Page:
Supra vs. 86: Can Toyota’s sports car revival crush its older sibling?
It would be bold to claim Toyota has changed the playing field for sports cars with the new GR Supra because they perfected something that the world might no longer need. Now that the long wait is over, will it send its little brother—the 86—into retirement. Or will both agile sports cars of different eras find a comfortable place in Toyota’s product line into the foreseeable future?
A little history
Toyota rebadged the FR-S to 86 when the Scion brand was shuttered. Originally introduced as the 2013 Scion FR-S, it boasted lightweight fun in a compact package with 200 ponies sending power to the rear wheels through a six-speed manual transmission and a limited-slip differential. For drivers not challenged by low ceilings and economy-class legroom, positioning is near perfect—the shifter, the steering wheel, the pedals—are precisely where you want them.
On the other hand, the Supra’s heritage spans several decades and four generations, until US sales halted with the 1998 model year. Regaining a new lease on life, made possible by collaborating with BMW, the fifth-generation Supra arrived amidst immense fanfare and delight from sports car enthusiasts.
The Supra, after a 22-year hiatus, makes a comeback equipped with a turbocharged inline six-cylinder engine, rear-wheel drive, and several styling cues that pay homage to its family legacy.
So how does the A90 Supra compare to the 86, and does it irrefutably dominate the lesser-powered coupe?
My compliments to the designers
Some of the exterior design inspiration for the Toyota 86 comes from the Sports 800 and 2000GT built in the sixties. Step back a few feet, and you’ll notice it has a clean and compact shape that’s not overdone.
The mild front fender bulges convey a muscular element underneath the hood. From the side, the shark-nosed two-seater has a relatively short hood and soft flowing lines over the passenger cabin. The backside view is low and wide.
The fifth-generation Supra, with its swoopy styling, has an intriguing design influenced by Toyota’s classic line-up of sports cars such as the 2000GT, Celica, early Supras, and even the FR-S.
The Supra’s long nose and aggressive bulges show off Toyota’s focus on design flow and belie its seductiveness. The car’s aerodynamics captures the elements of emotion and energy that does a damn good job of raising one’s blood pressure.
Light ’em up!
Set your expectation sights on low, and the 86 comes back feeling surprisingly responsive and engaging. Handling is tight, and the electronically assisted steering will provide modest feedback and oodles of fun.
Sadly, low power, wait-for-it acceleration and rigid suspension remind you of the coupe’s weaknesses—however, its nimble handling and predictive tail-spin tip the fun-meter to the plus side.
One fundamental factor that differentiates the 86 and Supra is that the former has an available six-speed manual transmission. The modern Supra only comes with an eight-speed automatic. In terms of connecting the driver and machine, there’s no substitute for stirring the gears manually.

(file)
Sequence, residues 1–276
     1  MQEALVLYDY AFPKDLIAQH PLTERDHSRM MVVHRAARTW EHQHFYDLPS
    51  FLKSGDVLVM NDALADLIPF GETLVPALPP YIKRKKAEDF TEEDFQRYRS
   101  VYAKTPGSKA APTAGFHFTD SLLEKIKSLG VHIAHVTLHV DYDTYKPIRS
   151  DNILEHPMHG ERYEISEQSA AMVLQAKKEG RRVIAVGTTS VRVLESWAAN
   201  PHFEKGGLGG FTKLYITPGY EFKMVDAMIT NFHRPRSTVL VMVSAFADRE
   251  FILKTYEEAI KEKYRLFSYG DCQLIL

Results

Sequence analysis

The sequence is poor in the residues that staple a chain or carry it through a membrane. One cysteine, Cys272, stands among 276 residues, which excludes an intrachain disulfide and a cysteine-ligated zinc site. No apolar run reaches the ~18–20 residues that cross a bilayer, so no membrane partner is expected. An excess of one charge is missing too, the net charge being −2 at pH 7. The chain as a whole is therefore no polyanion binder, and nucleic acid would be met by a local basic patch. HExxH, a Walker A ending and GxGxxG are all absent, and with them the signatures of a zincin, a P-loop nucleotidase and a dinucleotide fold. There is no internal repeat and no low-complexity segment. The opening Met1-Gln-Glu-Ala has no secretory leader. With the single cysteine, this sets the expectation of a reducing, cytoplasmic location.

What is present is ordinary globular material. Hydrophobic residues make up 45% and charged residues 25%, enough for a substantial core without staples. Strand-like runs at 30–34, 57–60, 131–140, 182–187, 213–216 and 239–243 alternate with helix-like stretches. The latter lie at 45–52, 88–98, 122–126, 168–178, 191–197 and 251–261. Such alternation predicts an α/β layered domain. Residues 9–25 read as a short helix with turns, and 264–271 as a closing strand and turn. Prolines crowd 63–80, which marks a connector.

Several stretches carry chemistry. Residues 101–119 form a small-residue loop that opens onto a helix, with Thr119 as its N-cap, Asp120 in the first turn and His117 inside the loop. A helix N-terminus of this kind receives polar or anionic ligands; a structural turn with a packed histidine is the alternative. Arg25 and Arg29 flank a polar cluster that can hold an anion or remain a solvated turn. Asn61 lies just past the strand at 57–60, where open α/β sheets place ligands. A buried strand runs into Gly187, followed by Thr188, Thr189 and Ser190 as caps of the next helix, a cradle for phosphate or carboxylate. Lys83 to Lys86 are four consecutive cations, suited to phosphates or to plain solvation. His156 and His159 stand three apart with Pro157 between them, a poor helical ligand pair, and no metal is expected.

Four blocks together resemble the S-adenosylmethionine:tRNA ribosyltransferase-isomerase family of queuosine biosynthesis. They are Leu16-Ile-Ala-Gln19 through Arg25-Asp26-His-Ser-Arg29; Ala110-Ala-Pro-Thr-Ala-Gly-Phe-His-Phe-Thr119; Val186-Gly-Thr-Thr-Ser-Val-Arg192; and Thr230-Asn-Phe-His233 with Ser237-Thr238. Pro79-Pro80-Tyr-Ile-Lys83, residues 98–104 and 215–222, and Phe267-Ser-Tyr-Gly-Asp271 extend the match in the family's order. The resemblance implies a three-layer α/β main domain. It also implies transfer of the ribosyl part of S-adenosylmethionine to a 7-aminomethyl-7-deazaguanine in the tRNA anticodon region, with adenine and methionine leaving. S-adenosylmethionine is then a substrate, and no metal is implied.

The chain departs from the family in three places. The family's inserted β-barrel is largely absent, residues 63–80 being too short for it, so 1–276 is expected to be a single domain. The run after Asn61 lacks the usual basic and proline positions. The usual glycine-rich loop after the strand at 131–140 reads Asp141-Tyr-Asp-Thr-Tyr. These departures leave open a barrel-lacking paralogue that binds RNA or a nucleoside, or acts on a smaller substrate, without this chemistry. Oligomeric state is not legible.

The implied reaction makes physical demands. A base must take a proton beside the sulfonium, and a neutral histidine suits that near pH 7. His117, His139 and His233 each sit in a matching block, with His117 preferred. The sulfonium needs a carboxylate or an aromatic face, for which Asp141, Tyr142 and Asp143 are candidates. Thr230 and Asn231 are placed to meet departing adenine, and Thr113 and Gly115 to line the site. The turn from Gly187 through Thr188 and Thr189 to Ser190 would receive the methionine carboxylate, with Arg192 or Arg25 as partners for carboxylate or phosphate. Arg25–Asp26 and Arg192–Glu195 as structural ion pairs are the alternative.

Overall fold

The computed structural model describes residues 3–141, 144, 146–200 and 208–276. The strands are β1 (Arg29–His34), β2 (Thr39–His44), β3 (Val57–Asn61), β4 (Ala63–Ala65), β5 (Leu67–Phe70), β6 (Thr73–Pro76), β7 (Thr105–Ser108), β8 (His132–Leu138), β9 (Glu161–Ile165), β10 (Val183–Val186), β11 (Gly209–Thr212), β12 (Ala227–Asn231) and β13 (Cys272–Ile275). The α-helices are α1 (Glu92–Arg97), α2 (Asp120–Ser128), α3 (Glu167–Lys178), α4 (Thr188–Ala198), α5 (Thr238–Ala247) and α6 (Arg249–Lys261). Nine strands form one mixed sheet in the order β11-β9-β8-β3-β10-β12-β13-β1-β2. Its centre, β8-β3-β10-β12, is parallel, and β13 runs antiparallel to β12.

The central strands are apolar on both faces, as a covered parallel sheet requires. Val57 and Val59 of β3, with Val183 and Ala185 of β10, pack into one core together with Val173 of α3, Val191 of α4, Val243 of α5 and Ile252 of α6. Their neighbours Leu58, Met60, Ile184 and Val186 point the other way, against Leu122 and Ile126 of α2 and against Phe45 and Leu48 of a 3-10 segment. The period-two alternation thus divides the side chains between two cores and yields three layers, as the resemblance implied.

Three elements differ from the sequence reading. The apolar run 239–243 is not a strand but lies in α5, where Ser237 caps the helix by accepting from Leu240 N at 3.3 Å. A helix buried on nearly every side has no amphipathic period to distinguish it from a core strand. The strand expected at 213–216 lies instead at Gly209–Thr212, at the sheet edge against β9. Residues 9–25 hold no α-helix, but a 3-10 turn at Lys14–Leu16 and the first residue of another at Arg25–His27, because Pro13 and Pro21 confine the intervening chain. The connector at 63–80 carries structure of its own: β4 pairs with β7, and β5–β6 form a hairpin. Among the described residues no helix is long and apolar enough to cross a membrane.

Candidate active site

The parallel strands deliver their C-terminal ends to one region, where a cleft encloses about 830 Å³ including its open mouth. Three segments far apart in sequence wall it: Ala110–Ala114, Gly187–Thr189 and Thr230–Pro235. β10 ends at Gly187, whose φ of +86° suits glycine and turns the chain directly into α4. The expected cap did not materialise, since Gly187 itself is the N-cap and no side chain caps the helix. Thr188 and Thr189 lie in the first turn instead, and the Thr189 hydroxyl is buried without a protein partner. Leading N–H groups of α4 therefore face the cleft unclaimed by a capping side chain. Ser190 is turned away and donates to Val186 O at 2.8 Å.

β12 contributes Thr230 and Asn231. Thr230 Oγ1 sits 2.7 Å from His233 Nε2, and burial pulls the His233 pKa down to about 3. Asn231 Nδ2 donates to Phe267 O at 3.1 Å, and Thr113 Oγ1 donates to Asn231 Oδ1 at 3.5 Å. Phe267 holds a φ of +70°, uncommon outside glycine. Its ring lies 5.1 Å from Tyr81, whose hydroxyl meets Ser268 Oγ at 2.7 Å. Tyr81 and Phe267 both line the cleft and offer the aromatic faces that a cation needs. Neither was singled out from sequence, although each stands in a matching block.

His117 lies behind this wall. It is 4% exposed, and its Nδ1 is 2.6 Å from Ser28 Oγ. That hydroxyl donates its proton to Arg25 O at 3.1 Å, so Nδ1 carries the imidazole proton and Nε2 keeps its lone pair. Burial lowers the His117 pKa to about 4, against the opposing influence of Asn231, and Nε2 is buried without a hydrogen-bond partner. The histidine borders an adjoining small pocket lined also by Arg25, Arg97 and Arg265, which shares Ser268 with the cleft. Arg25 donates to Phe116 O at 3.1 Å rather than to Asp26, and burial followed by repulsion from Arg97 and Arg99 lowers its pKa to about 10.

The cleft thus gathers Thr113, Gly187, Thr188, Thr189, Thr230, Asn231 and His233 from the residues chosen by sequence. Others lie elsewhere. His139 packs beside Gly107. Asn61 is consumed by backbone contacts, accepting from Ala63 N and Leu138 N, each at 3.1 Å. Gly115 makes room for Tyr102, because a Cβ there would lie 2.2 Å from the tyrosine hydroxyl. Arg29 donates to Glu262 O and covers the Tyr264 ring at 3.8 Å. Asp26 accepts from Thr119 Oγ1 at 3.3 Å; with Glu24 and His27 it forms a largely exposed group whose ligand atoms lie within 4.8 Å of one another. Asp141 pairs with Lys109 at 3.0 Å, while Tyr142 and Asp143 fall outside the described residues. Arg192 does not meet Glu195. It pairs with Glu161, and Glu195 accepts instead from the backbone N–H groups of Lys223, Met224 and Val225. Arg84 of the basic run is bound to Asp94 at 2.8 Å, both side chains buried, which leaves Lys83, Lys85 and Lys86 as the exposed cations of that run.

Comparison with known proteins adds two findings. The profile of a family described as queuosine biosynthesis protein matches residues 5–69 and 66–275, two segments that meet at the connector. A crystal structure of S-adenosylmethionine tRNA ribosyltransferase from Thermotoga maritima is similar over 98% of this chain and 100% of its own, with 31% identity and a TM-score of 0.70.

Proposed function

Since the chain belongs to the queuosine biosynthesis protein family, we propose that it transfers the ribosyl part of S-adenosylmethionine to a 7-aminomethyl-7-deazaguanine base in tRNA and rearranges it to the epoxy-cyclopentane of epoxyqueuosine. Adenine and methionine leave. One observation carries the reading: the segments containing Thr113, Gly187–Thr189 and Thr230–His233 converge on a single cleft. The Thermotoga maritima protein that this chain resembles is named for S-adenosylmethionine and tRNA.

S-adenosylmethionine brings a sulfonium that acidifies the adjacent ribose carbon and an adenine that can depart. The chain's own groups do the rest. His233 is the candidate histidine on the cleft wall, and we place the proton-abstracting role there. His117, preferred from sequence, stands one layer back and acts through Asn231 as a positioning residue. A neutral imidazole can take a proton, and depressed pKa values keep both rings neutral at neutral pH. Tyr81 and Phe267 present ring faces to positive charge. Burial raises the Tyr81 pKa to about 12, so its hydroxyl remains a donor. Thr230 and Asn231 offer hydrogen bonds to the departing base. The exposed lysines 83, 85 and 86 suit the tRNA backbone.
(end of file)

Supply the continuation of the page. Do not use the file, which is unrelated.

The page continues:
If you can overcome the old-school thinking and accept shifting on the fly using paddles or switching the transmission to manual mode, then that satisfying feeling of flying down your favorite ribbon of asphalt will be fulfilling.
Breaking down the performance elements is fine, but the GR Supra delivers a solid dose of pizzazz and punch. Whereas the 86 has some excellent sports car traits—but the GR Supra, taken as the whole enchilada—is truly excellent.
For me, it’s not just how the GR Supra performs on the track, or how it accelerates or brakes on the road or closed course. It’s also how it sounds under hard acceleration, how engaging it can be for the driver, and how it can turn heads when it comes into view. Bottom line: it’s a high-performance vehicle that performs well beyond expectations and readily brings on the feeling of nirvana.
Truth be told, the Supra puts me in a much happier place than the 86 every day of the week.
A persistent quibble about the 86 (FR-S/BRZ) is the car’s less-than-adequate power output—205 horsepower from a normally aspirated 2.0-liter boxer-four. A quick survey of the outdated cabin and electronics doesn’t help boost the agile sports car’s image to any degree. I concede that the 86 is a light and nimble sports car easily affordable but put it side-by-side with the Supra, and I’ll pick the curvaceous two-seater any day of the week.
An aggressive look and feel, advanced technology, and pulse-pounding performance all contribute to make the Supra a unique sports car and unforgettable as its ancestors. Prestige, performance and Supra’s heritage come together in a package that will always override the 86 from any angle.
|2020 GR Supra||2019 86 TRD|
|Price as tested||$57,259||$33,425|
|Engine||3.0L turbocharged inline-6||2.0L 4-cylinder boxer|
|Power (hp)||335 @ 6,500 rpm||205 @ 7,000 rpm|
|Torque (lb-ft)||365 @ 1,600 rpm||156 @ 6,400 rpm|
|Transmission||8-speed automatic||6-speed manual|
|Drivetrain layout||rear-wheel-drive||rear-wheel drive|
|Curb weight||3,388 lbs.||2,837 lbs.|
|EPA-estimated fuel economy||26 mpg (combined)||24 mpg (combined)|
|Wheelbase||97.2 inches||101.2 inches|
|Length x width x height||172.5 x 73.0 x 50.9 inches||168.8 x 69.9 x 50.6 inches|
|Ground clearance||4.5 inches||4.9 inches.|
|Cargo volume||10.0 cu. ft.||10.5 cu. ft.|